Hannah Arendt thought that while "revenge" is "natural, automatic...can be expected and even calculated...the act of forgiveness can never be predicted," that it is "unconditioned by the act which provoked it." If this was ever true, it is true no longer, for apology, forgiveness and reconciliation have been decreed by Pax Americana as necessary prerequisites for admission to the new world order. Forgiveness and reconciliation have become entirely predictable, indeed nearly compulsory functions, essential lubricants of the globalization of capitalism. They exclude or to excrete from membership in the global fellowship fund, or the international fraternity bank, the world's rogues and losers.
These rogues include the Taliban, Ghaddafi, Saddam Hussein, Milosevic, Noriega, Le Pen, the "Iranian mullahs" and — let us not forget — the drug-dealing and drug-consuming "criminals" of all colors of North America, the losers of Haiti, the loser Roma gypsies of Europe, and many others. They remain rogues for at least for as long as they continue to fail to get it together, "it" being what it takes on some kind of bottom line or another to apply for admission to fellowship.
By contrast, consider the ongoing process of reconciliation of Australia with her aborigines. Wonderful though this may be, it has transformed the aborigines, in the words of Elazar Barkan, into a "cultural asset, one that Australia is happy to appropriate, consume, and export to the rest of the world." Australia transforms herself into a new, no-longer British, multi-cultural (that is, Americanized) "nation, at peace with its past."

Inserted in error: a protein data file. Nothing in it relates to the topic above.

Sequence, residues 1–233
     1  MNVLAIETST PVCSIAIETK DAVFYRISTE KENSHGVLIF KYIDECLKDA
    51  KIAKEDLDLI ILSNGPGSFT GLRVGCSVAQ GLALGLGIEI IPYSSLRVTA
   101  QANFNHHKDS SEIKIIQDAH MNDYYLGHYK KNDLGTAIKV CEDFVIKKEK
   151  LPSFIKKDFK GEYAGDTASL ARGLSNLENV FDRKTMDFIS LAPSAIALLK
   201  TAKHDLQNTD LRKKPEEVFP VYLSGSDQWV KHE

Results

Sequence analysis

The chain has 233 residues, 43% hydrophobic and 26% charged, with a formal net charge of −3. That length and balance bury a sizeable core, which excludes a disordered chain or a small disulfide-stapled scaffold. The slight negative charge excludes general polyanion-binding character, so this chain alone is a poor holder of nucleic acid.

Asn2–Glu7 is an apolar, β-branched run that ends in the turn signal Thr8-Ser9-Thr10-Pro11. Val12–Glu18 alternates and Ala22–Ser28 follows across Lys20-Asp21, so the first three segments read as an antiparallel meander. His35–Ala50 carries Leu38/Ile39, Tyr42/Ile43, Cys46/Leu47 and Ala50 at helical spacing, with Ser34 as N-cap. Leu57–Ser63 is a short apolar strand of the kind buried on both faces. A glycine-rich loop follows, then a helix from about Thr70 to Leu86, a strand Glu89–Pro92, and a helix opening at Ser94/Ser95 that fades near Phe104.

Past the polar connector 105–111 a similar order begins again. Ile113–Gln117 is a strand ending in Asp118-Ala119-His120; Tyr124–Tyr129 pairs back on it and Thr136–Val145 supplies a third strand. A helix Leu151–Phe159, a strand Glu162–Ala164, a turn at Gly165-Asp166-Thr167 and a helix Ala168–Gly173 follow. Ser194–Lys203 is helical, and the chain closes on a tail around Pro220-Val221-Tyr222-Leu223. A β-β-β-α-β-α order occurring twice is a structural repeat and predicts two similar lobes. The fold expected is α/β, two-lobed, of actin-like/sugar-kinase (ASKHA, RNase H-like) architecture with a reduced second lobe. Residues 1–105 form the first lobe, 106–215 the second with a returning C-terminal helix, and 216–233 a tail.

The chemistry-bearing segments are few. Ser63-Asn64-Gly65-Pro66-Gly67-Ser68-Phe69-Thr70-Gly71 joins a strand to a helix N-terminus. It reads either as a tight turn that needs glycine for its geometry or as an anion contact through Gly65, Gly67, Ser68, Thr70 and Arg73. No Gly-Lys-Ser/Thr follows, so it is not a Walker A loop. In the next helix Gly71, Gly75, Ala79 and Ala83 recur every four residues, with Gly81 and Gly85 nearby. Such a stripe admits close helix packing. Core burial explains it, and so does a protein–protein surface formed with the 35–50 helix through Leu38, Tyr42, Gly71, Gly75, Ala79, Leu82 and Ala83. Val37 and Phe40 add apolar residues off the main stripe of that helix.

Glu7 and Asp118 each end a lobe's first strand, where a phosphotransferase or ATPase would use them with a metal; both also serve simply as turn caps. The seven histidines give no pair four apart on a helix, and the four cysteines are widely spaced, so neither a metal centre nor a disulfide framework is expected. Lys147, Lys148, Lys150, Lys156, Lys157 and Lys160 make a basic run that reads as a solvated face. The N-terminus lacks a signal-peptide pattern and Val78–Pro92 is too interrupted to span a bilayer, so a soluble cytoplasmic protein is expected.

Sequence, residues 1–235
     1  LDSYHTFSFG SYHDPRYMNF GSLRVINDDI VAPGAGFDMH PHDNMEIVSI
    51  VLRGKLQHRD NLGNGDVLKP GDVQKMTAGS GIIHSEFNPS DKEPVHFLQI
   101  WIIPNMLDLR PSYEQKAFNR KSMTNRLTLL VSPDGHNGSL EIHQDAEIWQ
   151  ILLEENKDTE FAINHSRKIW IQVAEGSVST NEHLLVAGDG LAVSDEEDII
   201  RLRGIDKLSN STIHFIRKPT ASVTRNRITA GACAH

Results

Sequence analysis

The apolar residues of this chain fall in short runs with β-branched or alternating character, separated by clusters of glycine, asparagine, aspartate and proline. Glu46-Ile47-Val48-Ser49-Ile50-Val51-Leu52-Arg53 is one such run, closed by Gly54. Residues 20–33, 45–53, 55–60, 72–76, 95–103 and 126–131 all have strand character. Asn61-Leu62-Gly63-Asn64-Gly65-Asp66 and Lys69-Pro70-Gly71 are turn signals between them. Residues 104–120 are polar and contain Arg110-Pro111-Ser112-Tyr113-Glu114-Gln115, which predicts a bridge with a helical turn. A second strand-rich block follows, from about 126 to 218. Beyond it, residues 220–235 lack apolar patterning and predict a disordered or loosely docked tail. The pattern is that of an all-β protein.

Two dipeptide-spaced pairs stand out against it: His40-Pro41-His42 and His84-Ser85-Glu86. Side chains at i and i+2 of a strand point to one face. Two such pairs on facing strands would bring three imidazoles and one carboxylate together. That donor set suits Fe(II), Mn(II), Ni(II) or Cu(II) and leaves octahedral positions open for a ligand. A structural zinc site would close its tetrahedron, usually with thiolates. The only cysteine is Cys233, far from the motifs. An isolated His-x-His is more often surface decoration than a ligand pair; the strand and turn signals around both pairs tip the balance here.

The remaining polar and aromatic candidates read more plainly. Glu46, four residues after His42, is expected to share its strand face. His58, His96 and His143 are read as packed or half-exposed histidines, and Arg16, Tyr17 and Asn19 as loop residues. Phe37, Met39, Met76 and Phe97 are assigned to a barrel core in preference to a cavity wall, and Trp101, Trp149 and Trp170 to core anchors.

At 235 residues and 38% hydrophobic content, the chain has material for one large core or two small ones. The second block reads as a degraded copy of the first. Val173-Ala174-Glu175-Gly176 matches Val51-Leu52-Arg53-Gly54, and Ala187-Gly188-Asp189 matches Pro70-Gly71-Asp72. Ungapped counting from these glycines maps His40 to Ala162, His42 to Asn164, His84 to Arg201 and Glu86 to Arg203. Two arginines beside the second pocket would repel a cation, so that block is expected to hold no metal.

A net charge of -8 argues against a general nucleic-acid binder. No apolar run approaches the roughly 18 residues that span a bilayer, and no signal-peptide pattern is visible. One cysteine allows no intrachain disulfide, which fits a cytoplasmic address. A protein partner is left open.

Carl Schmitt, an intellectual rogue whose work is recognized by many clerics of Pax Americana as 'thought provoking', could have predicted the predictability of apology, forgiveness, and reconciliation (A-F-R). This is the militaristic pacifism (compare Levinas' "rational peace") which draws the line ever more clearly, though not impermeably, between America's friends, the friends of friendship, and her enemies, the unforgivable (at least for now), unapologetic, unrepentant hard-liners, enemies of friendship, friends of enmity. Schmitt's follower, Paul Edward Gottfried, sums it up: "Unity is pursued through constant war presented as quests for peace and consensus."
At the end of history, the fragile hope of certain continental philosophers becomes ever more fragile, diminishing to almost nothing. It is a hope that forgiveness "will have been" somehow related to a messianic opening of time which disrupts historical time: the time of the victors, the time of those who join together to produce the official archive of A-F R, the Hegelian time of world history as the world court (now soon to issue in an actual tribunal), and the International Court of Human Rights (even though the highest global power in Washington continues to resist this). A common thread in many A-F-R projects is the call for a rewriting of history by erstwhile enemies' professional archivists, e.g. those of Germany and Poland, in order to achieve a single consensual (though of course admirably subtle and complex) reconstruction of the past. A typical expression is that of John Paul II, working for A-F-R with the Orthodox churches, calling for an "International Commission for Dialogue" which would produce an "honest and global presentation of history that will move toward a concordant and even common historiography of the two churches."